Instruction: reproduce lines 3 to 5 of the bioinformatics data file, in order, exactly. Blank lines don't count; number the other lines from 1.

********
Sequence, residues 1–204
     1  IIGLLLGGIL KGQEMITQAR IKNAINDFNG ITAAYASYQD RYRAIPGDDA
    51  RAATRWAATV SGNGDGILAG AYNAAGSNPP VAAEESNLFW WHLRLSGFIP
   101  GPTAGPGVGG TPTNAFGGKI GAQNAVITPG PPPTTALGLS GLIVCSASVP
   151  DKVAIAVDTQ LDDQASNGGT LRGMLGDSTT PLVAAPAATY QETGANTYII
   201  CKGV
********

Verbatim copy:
    51  RAATRWAATV SGNGDGILAG AYNAAGSNPP VAAEESNLFW WHLRLSGFIP
   101  GPTAGPGVGG TPTNAFGGKI GAQNAVITPG PPPTTALGLS GLIVCSASVP
   151  DKVAIAVDTQ LDDQASNGGT LRGMLGDSTT PLVAAPAATY QETGANTYII